Integer promotion

Integer promotion

Hi all,

I have a problem with the following C code:

volatile unsigned char v = 0x80;
v = v >> 7;
printf ("v = %d
", v);

With any compiler, any optimization option, it always printed 1... but today I tried with icc without optimization option and it prints 255 (!).

Note that if I replace "volatile" with "register", the binary produced by icc prints 1.
There was no "volatile" qualifier in the code where I found my original bug, but I did not manage to minimize and reproduce the bug without it.

I really do not understand how the above program can print 255.
In the instruction "v = v >> 7;", v should be first promoted to "int". The int value for the unsigned char 0x80 is 0x0...080, whereas the printed result let us think that for icc it is 0xf...f80.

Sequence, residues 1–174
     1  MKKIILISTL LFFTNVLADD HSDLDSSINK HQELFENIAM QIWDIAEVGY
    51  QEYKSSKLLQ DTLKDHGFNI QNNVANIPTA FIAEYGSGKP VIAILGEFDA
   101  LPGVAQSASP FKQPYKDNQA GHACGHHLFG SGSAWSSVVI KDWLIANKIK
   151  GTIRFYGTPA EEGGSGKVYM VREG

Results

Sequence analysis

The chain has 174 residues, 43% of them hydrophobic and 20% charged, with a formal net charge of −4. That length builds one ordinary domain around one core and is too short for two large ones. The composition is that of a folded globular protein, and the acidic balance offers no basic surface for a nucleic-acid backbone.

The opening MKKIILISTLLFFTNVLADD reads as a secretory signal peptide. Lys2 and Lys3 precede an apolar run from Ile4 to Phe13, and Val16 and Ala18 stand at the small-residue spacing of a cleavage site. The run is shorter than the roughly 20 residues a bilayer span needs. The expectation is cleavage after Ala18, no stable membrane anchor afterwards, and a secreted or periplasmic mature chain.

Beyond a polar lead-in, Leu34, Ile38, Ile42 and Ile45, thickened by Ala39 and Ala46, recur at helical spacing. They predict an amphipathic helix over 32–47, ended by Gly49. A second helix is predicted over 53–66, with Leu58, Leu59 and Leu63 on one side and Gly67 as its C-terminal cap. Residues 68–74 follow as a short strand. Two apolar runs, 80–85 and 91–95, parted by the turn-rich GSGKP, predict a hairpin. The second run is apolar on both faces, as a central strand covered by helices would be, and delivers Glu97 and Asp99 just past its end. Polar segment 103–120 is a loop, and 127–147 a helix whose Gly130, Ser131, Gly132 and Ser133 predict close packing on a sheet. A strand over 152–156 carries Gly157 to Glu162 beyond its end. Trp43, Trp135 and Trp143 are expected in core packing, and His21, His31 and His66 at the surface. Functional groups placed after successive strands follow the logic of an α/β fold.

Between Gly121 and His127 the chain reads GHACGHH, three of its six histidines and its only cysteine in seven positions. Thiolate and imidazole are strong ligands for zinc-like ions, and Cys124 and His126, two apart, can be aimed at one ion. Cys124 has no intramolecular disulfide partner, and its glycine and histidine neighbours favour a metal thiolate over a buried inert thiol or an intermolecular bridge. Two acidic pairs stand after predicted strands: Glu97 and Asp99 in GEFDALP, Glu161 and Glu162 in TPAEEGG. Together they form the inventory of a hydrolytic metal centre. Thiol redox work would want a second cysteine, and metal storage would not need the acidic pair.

2nd try:
Instead of storing the result in "v", if I store the result in another unsigned char x:

volatile unsigned char v = 0x80;
volatile unsigned char x;
x = v >> 7;
printf ("x = %d
", x);

it prints 1 again !

3rd try:
If I replace 0x80 with 0x70 in the first program (the one which does v = v >> 7), it prints what we expect: 0.

So it _seems_ that because 0x80 has its highest bit set, the compiler behaves as if "v" was signed. But it is not !

Does someone has an idea about this strange behaviour ?
Thanks in advance for your help.


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